Sports analytics populate Spanish TV and second screen with Mediapro’s VirtualArena
Barcelona-based Mediapro has leveraged its work in sports analytics for clubs (using its Mediacoach system) to provide information and graphics for broadcast and second-screen use, with its app, VirtualArena now in use in Spain for football. Mediacoach was originally developed in 2010 for football professionals, and has been deployed in all 42 first and second division clubs in Spain, where it integrates video analysis technologies with physical and tactical data.
The system links to six tracking cameras (from ChyronHego) and uses video stitching to create a panorama. The software then does its analysis on this and synchronises all the data with the video. It can also be used to automatically create highlights from the tracking data, and could also output an EDL for broadcast use.
It can do analysis on multiple matches, producing full season reports and comparisons, and is claimed to be the only tool that synchronises multiple video feeds (panoramic, TV and any other external feeds) with physical events and tactical data. The cloud-based system also offers plug and play compatibility with Opta and ChyronHego data, and can be customised to club or competition requirements.
“This was very good for coaches and technical staff, but we wanted to use the data to involve fans with the game,” to offer them information based on that data, said Mauro Margenat, managing director. “Because we have the tracking cameras and data in all 42 stadia, we are getting the data live.” The resulting product is the Spanish second-screen app for iOS and Android, La Liga VirtualArena, which tracks the performance of teams and players in Spain’s top two divisions in real time. It can be downloaded from the Apple App Store or Google Play.
It was launched this season for the Spanish league, and Margenat claims it is the only system on the market that allows fans to view action on a live virtual arena, with all the tracking data from the Mediacoach system.
“We are able to produce the virtual live representation of the game with only seconds of delay” — about 15 to 20 seconds currently. Users can view avatars of the players on a map of the pitch, although due to rights issues in the Spanish league this is confined to a top-down view. If rights allowed elsewhere, it can have up to five angles — from either side, or each end (behind the goals), as well as top-down.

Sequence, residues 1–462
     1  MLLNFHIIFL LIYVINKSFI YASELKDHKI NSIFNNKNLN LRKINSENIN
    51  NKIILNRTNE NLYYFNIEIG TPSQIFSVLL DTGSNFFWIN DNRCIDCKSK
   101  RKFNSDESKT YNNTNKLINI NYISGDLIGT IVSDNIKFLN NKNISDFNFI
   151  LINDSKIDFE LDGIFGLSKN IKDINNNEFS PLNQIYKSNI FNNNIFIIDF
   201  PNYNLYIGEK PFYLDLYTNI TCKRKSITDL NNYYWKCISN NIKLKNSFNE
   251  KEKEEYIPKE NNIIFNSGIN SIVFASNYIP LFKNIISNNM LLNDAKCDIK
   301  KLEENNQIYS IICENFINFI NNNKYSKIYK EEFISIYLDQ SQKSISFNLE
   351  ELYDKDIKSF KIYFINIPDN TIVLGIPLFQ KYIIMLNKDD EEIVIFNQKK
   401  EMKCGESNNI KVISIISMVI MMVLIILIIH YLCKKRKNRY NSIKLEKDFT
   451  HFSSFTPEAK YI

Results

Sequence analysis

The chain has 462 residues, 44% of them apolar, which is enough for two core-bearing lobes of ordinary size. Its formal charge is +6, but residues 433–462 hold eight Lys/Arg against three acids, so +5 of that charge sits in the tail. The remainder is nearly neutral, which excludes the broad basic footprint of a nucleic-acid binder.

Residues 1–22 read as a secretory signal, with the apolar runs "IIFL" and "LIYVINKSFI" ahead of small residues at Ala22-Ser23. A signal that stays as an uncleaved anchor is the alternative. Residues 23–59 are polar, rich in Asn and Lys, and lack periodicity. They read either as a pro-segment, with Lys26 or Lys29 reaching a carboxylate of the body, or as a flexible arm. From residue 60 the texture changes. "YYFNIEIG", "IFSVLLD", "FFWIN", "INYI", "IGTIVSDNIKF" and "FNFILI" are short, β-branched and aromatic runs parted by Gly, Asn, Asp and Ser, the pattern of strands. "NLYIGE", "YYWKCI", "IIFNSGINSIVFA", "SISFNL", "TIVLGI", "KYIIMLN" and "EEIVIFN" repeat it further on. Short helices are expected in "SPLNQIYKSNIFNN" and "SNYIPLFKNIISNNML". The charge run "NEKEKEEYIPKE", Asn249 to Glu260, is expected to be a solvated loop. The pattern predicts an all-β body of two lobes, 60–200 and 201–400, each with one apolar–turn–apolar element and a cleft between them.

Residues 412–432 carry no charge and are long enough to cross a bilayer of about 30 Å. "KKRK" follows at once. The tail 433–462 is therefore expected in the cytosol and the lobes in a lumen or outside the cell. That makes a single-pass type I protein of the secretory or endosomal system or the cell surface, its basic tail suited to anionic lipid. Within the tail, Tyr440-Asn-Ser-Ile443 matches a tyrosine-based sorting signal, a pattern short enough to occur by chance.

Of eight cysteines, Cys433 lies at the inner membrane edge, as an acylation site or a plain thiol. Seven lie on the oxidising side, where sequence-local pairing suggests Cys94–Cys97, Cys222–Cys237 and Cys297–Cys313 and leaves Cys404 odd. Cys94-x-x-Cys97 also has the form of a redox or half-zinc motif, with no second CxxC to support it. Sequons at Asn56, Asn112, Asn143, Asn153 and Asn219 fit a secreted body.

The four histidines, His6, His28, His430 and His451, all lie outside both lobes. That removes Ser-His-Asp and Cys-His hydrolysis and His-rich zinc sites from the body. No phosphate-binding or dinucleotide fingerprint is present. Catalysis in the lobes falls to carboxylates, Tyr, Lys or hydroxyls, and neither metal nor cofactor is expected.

Users can view each team’s defensive and offensive lines, and can select groups of players (such as defenders) to see how they move, and show a heat map of where play is happening. It can also display players’ performance stats, such as shots, passes, saves, or even where they placed previous penalties in each area of the goal, plus rankings of shooters, distance covered, duels won, etc., to allow users to compare players.
Its overall player rating system, The Index, is based on a mathematical calculation that takes into account 32 objective variables, and tracks all 22 players on the pitch, their position, speed, etc. It allows users to highlight and compare various aspects of the game, such as defensive performance, play building, finishing, or disciplinary conduct.
It also provides such tactical analysis tools as off-side lines, play lines and distances, width and depth of the play, distance between selected players, etc., as well as marking all of the major match events (goals, bookings, cards, substitutions, etc), which users can easily jump to.
Besides following live matches, video highlights from each game are available a few hours later, and users can view games from the archive.
In Spain it is a freemium app, in that standings, scores, video highlights, news, and Mediacoach scores for all players in the league (useful for a live fantasy football league) are free, but the virtual arena and live stats cost extra. The advertising hoardings in the virtual stadia can be sponsored, for another income stream, and the app could be set up for different rights holders so that it is only for PayTV subscribers for one league, or completely advertising supported for another. “We have realised that once we have deployed VirtualArena in a market, a good option to commercialise it will be to sell personalised environments for sponsors,” he said.
Mediapro’s sports channel, Gol Television, is currently using statistics from Mediacoach as well as VirtualArena graphics in its match coverage and some of its other programmes. “We are about to sign our first agreement with radio and take up [of VirtualArena] is 30% higher than expected,” added Margenat.
Its probable use for radio is an interesting application, as it would allow the radio commentary of a match to be synched with VirtualArena via the internet, so that listeners can follow the action virtually on screen.
Mediapro has also received a lot of interest from broadcasters in Europe, as well as some from Asia, Africa, and America, and is now negotiating with organisations in some of Europe’s other important football markets “and expect to close some deals by the beginning of next year,” he said. It has also been asked to do a rugby version of the system.